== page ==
Mr. Lowell's view of “Hamlet” will be specially interesting to Mr. Irving and his admirers--the more so because Mr. Irving seems to have come to the same conclusion. “Is Hamlet mad?” “High medical authority has pronounced, as usual, on both sides of the question;" but no-Hamlet is not mad intellectually, he is a psychologist and metaphysician, a close observer both of others and of himself, " letting fall his little drops of acid irony on all who come near him, to make them show what they are made of.” Hamlet deprived of reason is a subject for Bedlam--not the stage. If Hamlet is irresponsible, the play is chaos; besides, the feigned madness of Hamlet is one of the few points in which it has kept close to the old story. Morally, Hamlet drifts through the whole tragedy, never keeping on one tack; feigned madness gives to the indecision of his character the relief of seeming to do something, in order as long as possible to escape the dreaded necessity of doing anything at all. He discourses of suicide, but he does not kill himself-he talks of daggers, uses none-goes to England to get farther from present duty - he is irresolute from over-power of thought. He is an ingrained sceptic-doubts the soul, even after the ghost scene--doubts Horatio, doubts Ophelia-his charaeter is somewhat feminine :--but here we break off in despair of being able to give even a rough idea of Mr. Lowell's Hamlet—it is by far the finest piece of literary criticism in the book, and must be studied at the Lyceum.

We here sum up with Shakespeare's moral—“ Lear may teach us to draw the line more clearly between a wise generosity and loosehanded weakness of giving; Macbeth, how one sin involved another and for ever another by a fatal parthenogenesis, and that the key which unlocks forbidden doors to our will or passion leaves a stain on the hand that may not be so dark as blood, but that will not out; Hamlet, that all the noblest gifts of mind slip through the grasp of an infirm purpose."

We turn the closing pages of this essay, unquoted, with reluctance, and pass to two essays which should be hung like pendant pictures “ in every gentleman's library,"--Lessing and Rousseau.

To begin an elaborate essay on Lessing with a disquisition on Burns is characteristic of an author who prefaces a brief notice of Poe with instances of some dozen poets who gave small early promise, as a contrast to Poe, who gave great early promise of ability. After about seven pages, we at last reach Lessing; the seven preceding pages show the extent and carefulness of Mr. Lowell's studies at Dresden; of the definite opinions he formed of Goethe, “ limpidly perfect in his shorter poems-failing in coherence in his longer works;" of the Grand Duke, with his whole court in a sensational livery of blue, yellow, and leather breeches, but still capable of manly friendships with Goethe and Herder, whose only decoration was genius; of Heine, who could be daintily light even in German; of German love-making, which he explains to be “a judicious mixture of sensibility and sausages.” However, Lessing is at last seized in the midst of a setting a little laboured, with great firmness, and Mr. Lowell shows his essential gift, commenting with due appreciation on Herr Stahr's life of Lessing, while leaving on the literary easel a portrait of Lessing very unlike Herr Stahr's. It is in all those points where Lessing differs most from Rousseau, that Lessing charms Mr. Lowell ; his character was more interesting than his works-he was lover of truth first and of literature afterwards; his struggles with poverty brought out his native manliness, his genuineness saved him from that fritter, haste, and vapidity which are the snare of book-makers; when he wants to earn a penny, he says, “I am unhappy, if it must be by writing.” “To call down fire from heaven to keep the pot boiling" is no doubt the prophet's bitterest pill—but we are comforted when we think of the many noble works in art and literature which the world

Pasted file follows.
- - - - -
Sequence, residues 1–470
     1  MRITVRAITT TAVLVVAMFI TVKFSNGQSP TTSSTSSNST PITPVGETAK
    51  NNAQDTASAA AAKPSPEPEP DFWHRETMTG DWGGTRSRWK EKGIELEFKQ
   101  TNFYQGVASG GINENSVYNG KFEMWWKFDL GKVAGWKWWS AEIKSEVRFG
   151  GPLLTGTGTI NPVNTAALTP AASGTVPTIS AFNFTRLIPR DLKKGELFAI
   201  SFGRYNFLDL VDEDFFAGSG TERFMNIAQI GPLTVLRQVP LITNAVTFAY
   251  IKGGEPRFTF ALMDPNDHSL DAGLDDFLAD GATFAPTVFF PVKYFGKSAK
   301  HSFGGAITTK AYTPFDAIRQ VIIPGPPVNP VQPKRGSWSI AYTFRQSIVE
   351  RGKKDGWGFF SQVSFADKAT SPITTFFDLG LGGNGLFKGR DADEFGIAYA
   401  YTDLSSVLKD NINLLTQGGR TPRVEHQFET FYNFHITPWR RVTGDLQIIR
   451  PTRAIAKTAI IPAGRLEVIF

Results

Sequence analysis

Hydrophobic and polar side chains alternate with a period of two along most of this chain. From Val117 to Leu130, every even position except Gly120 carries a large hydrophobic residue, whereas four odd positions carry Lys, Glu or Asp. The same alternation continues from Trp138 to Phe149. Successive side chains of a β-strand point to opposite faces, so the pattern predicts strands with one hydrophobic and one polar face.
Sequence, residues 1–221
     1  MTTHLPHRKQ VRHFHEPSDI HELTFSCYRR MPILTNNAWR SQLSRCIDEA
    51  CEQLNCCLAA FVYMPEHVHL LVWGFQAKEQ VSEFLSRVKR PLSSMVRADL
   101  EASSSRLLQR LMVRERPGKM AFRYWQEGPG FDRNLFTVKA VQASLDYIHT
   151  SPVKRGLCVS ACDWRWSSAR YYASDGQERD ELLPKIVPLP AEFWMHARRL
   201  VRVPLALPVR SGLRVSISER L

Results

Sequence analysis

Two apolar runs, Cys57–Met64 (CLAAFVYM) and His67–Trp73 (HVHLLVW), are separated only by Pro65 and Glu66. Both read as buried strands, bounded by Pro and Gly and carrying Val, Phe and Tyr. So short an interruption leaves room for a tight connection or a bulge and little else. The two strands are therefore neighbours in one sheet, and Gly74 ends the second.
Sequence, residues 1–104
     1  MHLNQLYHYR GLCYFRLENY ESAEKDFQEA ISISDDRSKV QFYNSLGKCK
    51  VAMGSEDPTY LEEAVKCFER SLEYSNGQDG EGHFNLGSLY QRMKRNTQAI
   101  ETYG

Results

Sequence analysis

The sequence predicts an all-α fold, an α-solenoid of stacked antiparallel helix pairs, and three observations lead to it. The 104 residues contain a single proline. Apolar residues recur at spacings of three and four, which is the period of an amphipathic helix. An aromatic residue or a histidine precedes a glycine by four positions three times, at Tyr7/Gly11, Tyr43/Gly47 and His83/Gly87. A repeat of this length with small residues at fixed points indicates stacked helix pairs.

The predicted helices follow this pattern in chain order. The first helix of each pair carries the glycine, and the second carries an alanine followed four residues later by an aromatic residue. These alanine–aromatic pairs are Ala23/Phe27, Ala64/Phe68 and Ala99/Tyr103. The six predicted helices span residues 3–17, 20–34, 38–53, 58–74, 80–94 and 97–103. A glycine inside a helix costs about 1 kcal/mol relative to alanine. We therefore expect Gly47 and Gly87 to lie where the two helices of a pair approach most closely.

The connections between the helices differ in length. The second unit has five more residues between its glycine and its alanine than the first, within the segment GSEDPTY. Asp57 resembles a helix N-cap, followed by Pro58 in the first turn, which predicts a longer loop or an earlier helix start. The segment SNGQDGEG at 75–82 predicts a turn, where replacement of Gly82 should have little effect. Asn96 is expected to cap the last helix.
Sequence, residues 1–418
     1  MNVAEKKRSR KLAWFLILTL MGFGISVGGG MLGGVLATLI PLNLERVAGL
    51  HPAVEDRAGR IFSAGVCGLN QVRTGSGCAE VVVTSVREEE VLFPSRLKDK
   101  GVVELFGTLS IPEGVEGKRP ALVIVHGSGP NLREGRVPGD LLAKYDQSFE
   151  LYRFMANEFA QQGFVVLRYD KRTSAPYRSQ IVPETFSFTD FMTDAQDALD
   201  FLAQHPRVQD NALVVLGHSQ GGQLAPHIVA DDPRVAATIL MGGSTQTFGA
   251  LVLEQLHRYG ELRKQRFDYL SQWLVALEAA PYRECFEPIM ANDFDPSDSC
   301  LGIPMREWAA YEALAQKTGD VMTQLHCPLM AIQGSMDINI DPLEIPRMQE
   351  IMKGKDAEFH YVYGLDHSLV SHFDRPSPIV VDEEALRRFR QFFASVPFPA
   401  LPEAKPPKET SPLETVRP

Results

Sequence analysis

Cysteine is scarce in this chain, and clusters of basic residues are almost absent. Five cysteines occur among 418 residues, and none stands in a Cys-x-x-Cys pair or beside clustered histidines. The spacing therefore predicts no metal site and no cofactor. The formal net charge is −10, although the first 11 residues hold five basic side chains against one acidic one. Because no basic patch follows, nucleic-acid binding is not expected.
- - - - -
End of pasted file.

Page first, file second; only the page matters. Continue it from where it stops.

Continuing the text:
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would never have had “but for the whips and scourges” of necessity.

In truth, few writers have not discovered that, although inspiration will not always come when called for, it will not often come if it be never called. Emerson's " laying siege to the oracle" is not a bad plan. “Nothing comes of being long in a place one likes,” strikes the key-note of that "restless mounting-upward” endeavour that makes Lessing so congenial a subject to our author.